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The Promenade: Drift to Stanley Dock

Part 2 Project 2009
Joseph Ewen
Elaine Halford
Donald Shek
Carl Thomas
University of Liverpool, UK
Liverpool’s North Docks form a section of the city’s UNESCO World Heritage Site. The demise of the shipping industry in the 1980’s caused their abandonment, consequently, the 1.5 kilometre-long stretch of barren waterfront between Alexandra Tower and Stanley Dock is currently in an advanced stage of dereliction and removed from public access.

The project reconnects the city with the historic North Docks through an extension of the existing promenade, which currently terminates abruptly at the Pier Head. The linear park encompasses three themes: Discovery, Activity and Idleness. Inspired by Guy Debord’s ‘Situationists’, the concept of ‘drifting’ informed the design strategy to create architectural spaces for spontaneous events to occur.

As a project of urban infrastructure it also articulates two existing heritage sites with future speculative developments on the west side of the Leeds Liverpool canal, whilst becoming a public buffer zone between the river and city.

A UNESCO Information Centre & Maritime events post marks the start of the journey. It provides information about the World Heritage site, exhibition spaces and a permanent post to serve maritime events such as the Tall Ships Race and Barge Festival. The form of this architectural element occludes the view of the landscape beyond producing a sense of intrigue and heightening the expectations of passers-by.

Unrestricted by a definitive path the journey can be undertaken by water (canal), on land (promenade) or the aerial path-network. Flanked by the Canal and River Mersey it transforms into a landscape of fractured planes and shattered geometries, a reaction to site lines between follies and openings in the dock wall.

A foreign vessel moored within the graving docks, the peeling canopy provides shelter to the amphitheatre below and provides a visual link leading to a secluded garden. The Cafe enables personal interaction with the adjacent Skate Park and offers views of the site from a unique vantage point. The experience then concludes at Stanley Dock; a space of idleness and irresolution. Awaiting future development, a linear jetty bestows the panoramic view of the ruin, waiting for its new function as a community generator and commuter travel solution.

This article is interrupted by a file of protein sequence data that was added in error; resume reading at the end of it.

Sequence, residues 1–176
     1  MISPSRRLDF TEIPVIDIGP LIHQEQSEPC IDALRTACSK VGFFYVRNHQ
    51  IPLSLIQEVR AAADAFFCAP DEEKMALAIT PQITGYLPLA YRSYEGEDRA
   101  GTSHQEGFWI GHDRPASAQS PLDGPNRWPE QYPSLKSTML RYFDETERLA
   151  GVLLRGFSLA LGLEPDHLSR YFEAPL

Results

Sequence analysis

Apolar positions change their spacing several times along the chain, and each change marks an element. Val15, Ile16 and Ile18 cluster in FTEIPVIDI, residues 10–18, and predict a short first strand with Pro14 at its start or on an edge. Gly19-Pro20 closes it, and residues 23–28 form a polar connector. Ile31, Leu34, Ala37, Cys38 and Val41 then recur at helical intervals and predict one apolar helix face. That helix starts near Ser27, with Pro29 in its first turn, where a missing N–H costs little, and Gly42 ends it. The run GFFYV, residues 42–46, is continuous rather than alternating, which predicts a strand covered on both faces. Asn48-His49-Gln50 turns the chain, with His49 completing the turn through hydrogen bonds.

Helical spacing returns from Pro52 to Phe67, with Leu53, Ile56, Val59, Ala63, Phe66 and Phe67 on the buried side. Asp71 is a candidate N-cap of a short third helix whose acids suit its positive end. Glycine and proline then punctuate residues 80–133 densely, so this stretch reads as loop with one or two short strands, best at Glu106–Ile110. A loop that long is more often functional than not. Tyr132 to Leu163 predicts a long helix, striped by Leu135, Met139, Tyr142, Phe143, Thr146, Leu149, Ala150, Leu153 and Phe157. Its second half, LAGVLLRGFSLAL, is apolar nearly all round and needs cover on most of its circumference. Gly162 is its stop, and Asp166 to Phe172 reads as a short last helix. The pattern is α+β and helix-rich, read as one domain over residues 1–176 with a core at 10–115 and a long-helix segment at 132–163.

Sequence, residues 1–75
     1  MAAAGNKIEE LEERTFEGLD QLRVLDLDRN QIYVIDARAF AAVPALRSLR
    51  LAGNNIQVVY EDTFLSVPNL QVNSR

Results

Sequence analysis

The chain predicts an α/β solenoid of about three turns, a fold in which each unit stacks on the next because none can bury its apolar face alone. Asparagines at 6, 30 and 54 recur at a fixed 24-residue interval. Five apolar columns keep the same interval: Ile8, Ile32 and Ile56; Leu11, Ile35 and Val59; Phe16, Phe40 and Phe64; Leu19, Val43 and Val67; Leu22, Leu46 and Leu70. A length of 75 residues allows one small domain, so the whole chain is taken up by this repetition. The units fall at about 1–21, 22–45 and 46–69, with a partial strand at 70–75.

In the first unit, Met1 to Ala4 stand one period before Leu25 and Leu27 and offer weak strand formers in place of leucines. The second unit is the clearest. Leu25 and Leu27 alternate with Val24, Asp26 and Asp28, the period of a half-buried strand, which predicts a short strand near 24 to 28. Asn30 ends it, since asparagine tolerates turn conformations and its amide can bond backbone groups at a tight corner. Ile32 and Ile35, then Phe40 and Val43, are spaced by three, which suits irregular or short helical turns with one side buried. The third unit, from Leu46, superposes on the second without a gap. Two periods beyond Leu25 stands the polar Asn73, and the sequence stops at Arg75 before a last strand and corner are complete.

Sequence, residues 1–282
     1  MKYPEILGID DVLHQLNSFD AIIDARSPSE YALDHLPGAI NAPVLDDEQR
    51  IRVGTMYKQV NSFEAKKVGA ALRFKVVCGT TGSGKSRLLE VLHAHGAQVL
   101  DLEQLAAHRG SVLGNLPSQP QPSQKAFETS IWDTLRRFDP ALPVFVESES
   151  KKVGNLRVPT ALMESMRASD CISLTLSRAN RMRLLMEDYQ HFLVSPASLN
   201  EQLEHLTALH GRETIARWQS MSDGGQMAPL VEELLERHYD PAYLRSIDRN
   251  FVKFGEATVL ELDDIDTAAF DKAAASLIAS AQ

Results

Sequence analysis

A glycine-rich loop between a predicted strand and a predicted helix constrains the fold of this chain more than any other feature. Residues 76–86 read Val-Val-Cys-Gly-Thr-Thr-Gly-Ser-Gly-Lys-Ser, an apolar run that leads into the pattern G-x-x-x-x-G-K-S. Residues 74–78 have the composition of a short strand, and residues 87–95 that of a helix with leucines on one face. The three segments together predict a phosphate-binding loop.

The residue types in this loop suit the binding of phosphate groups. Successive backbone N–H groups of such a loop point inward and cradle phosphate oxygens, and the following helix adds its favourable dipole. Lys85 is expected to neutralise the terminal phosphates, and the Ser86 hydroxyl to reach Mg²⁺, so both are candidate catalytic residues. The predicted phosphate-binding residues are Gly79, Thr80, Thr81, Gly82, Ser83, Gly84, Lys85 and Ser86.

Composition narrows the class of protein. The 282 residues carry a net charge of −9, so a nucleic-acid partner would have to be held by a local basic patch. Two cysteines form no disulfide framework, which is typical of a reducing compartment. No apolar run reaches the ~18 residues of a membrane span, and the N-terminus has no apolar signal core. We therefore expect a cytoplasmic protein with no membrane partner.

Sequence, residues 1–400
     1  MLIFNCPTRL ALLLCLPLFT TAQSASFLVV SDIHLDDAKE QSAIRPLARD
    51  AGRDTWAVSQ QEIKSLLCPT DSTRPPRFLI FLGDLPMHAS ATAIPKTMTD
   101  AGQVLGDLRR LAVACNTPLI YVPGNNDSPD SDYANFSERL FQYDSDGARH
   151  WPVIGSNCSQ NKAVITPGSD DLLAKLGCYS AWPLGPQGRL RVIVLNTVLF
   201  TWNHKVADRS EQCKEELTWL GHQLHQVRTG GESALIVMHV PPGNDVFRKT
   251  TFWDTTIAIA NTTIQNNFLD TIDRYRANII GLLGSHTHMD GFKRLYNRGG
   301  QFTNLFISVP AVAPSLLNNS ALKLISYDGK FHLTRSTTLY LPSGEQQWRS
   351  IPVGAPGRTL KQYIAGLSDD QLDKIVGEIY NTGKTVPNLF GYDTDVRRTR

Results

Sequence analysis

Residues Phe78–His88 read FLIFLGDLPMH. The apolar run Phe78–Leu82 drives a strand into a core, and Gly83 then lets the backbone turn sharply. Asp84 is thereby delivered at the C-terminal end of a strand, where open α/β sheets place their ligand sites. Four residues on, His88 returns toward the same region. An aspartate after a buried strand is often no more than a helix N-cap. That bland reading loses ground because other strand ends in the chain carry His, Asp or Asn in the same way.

Joseph Ewen
Elaine Halford
Donald Shek
Carl Thomas


The Capital of Culture came and went, almost unnoticed, leaving behind an assortment on new buildings in the city centre but very little in the periphery of Liverpool, an area that remains as deprived and unattended as it was before 2008. Amongst those abandoned peripheries is the river front. Interestingly, the city (authorities and architects) has turned its back to the river; even though Liverpool owes its very existence and past economic success to it. Only remnants are left of the time of opulence: derelict docks and abandoned warehouses scattered along several miles of river front.

As a counterpoint to the overtly utilitarian architecture produced in the city during the past five years, this project proposes to turn a neglected section of the river front into a public linear park and promenade. It is a refreshing architectural proposition to offer something to the people in an attempt to circumvent consumerism. The project finds inspiration in the revolutionary ideas of the 1960s avant-garde: Situationism International and Superstudio come readily to mind. Yet, the students do not replicate the proposals made half a century ago. Instead they translated critically their ideas in order to respond to the specific circumstances of Liverpool today.

It was a highly contested project. Not every one in the school of architecture believed in the possibility of a critical architecture capable of questioning vain and socially detached contemporary architectural practices. The four students in this group faced heavy criticism and were forced to make some concessions. Yet, they remained faithful to their original ideas and produced an elegant and exciting landscape which contains a series of voluptuous structures for both specific and non-specific purposes. It shows talent, technical skill and determination.

In sum, this project represents a balanced mixture of theoretical investigation, formal exploration and, more importantly, socio-political concern.

Tutor(s)
Dr Felipe Hernandez
2009
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